Talgos on the Move for Good!

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Just-Thinking-51

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Not sure there going to the Pacific Northwest. Not sure there welcome in those states. Might be simple the storage fees have gone up. Got all that heritage equipment sitting there that Amtrak does not own. Got to be fair raise rate on the junkyard and on the Talgo equipment.
 

jis

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The interior of those trains, including seats and food service cars have to be modified for them to fit in with the Cascades fleet. I have not heard anything about whether that is going to get done in their new home or not, and if so when.
 

zephyr17

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Can you cite whatever you read that they are going to the PNW? Haven't heard anything here, plus a few months ago WashDOT announced that they would be buying whatever Amtrak comes up with as their standard corridor car for Cascades service to replace the Talgo Series 6s that they want to retire per NTSB recommendations.

The Talgo Series 8 are fully FRA compliant without waivers, but WashDOT seemed pretty firm about moving away from Talgos and to whatever is the new Amtrak standard for the long term.
 
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bretton88

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Can you cite whatever you read that they are going to the PNW? Haven't heard anything here, plus a few months ago WashDOT announced that they would be buying whatever Amtrak comes up with as their standard corridor car for Cascades service to replace the Talgo Series 6s that they want to retire per NTSB recommendations.

The Talgo Series 8 are fully FRA compliant without waivers, but WashDOT seemed pretty firm about moving away from Talgos and to whatever is the new Amtrak standard for the long term.
While there's no official source, on other boards, people "in the know" who I'd trust, have confirmed they're heading to the PNW. Any other details are unknown at this point.
 

neroden

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I think Talgo's formal request for reconsideration at the NTSB may have affected the political mood in Washington State. It was damning for the NTSB, whose staff were demonstrated to be corrupt, biased, prejudiced, and ignorant. (Talgo pretty much accused the staff of deliberately lying to the board, proved that the staff did not follow standard procedure, proved that the report's conclusions were wrong by commissioning their own independent study, and fingered a specific NTSB staff member as biased. It was hardcore.) After reading that, which clearly shows that even the older Talgos are safer than Amfleets and Superliners, Olympia politicians may have changed their minds and welcomed Talgo back.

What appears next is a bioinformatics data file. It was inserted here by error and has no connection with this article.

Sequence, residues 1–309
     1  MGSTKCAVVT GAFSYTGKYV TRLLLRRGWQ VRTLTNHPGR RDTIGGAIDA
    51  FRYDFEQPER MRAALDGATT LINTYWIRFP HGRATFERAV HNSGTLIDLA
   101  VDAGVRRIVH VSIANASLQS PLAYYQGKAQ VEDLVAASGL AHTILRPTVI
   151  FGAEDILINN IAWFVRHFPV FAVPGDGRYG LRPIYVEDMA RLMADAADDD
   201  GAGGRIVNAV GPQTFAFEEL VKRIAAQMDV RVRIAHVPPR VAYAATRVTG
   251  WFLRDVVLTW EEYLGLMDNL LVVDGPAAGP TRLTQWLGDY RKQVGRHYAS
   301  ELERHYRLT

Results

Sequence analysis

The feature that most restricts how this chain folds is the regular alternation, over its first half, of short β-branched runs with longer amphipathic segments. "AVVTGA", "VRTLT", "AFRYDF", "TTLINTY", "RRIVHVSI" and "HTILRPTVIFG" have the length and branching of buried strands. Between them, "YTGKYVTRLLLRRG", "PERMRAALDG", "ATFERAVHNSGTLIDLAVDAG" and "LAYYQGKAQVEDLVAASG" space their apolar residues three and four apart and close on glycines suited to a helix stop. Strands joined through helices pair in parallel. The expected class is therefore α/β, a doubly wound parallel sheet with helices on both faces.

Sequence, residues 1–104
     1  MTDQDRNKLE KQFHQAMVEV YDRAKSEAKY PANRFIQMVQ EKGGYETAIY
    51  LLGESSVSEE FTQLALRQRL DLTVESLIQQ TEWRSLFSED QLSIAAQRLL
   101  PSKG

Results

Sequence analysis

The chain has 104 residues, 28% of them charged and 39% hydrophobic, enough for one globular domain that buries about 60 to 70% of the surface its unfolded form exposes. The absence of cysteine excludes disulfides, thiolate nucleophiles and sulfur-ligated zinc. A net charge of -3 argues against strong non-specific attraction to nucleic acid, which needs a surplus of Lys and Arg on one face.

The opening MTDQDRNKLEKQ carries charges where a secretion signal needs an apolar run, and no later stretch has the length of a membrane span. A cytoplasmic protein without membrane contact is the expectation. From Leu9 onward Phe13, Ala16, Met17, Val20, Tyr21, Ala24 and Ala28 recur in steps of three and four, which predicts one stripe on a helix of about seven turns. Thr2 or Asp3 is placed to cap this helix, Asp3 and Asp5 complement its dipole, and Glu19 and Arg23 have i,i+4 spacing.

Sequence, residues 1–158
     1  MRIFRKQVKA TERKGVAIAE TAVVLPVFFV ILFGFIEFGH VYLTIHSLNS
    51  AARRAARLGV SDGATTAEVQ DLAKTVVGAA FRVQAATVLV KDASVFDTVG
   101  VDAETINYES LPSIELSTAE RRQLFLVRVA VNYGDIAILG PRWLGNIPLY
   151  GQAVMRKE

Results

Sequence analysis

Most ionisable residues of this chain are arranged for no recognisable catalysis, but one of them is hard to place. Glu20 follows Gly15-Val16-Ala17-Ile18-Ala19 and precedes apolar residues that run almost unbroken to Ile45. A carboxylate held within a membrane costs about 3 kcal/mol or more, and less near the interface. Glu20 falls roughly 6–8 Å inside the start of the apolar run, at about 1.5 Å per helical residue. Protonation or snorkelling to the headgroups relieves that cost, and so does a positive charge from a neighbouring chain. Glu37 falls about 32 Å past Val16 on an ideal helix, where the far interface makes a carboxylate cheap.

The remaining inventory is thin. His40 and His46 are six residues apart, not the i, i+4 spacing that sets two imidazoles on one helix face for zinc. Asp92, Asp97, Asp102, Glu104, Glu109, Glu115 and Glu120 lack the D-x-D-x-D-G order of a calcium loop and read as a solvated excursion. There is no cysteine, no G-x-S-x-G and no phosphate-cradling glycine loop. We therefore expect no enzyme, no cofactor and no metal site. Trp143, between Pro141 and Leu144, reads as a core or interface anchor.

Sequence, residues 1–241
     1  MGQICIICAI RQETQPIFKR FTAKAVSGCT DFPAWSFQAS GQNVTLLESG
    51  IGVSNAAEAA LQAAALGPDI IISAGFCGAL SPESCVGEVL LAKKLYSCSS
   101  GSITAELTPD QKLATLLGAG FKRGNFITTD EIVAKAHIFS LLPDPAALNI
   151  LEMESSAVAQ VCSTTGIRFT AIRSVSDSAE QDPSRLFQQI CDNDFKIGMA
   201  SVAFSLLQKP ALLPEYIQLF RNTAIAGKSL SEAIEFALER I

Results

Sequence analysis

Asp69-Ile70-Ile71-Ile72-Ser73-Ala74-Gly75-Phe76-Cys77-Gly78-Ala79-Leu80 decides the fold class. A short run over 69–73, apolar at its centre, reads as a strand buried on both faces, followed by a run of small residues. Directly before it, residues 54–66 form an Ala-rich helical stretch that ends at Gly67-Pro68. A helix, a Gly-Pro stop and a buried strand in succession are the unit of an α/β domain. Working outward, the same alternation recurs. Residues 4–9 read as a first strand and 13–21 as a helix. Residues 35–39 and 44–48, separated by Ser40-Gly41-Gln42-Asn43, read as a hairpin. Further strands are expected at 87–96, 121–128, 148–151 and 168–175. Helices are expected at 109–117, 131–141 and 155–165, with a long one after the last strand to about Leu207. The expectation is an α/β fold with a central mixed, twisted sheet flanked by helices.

jis

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NTSB certainly lost a lot of credibility on the railroad side of its activities in its sorry performance after the Cascade accident. They came out looking like rank amateurs.

I wonder how they would have done on the air side if they had to handle the MAX thing as lead. Hopefully not as poorly. Interestingly, the two countries involved explicitly avoided dealing with the NTSB and selected the French safety agency to help them handle those accidents.

While there's no official source, on other boards, people "in the know" who I'd trust, have confirmed they're heading to the PNW. Any other details are unknown at this point.
I agree that as far as I know they are going to PNW. They will first undergo some modifications in Milwaukee, and eventually show up in PNW, owned by WasDOT, sometime in mid to late 2020 for deployment in Cascades service.

There is also talk of creating a 5th Talgo 8 set by stealing cars from the 4 sets and using the extra cab car that was built with the Wisconsin order that is still available. As I understand it, if this is carried out then there will be 5 ten car sets instead of 4 13 car sets, plus a few spares.

At present all this should be treated as hearsay since I don't have access to any citeable reference for this.
 
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DSS&A

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I agree that the Talgo formal request for reconsideration was very informative and provided significant facts and history about how the NTSB staff analysis and "conclusions" along with past historical recommendations, was very damning for the NTSB.

Here is a link to the Railway Age artivle about the Talgo formal request.

https://www.railwayage.com/safety/ntsb-amtrak-501-report-errors-and-unsupported-statements/

I also found it very interesting that the Talgo engineering analysis of their older equipment can be modified with one new corner post per car to be made compliant with current equipment safety standards.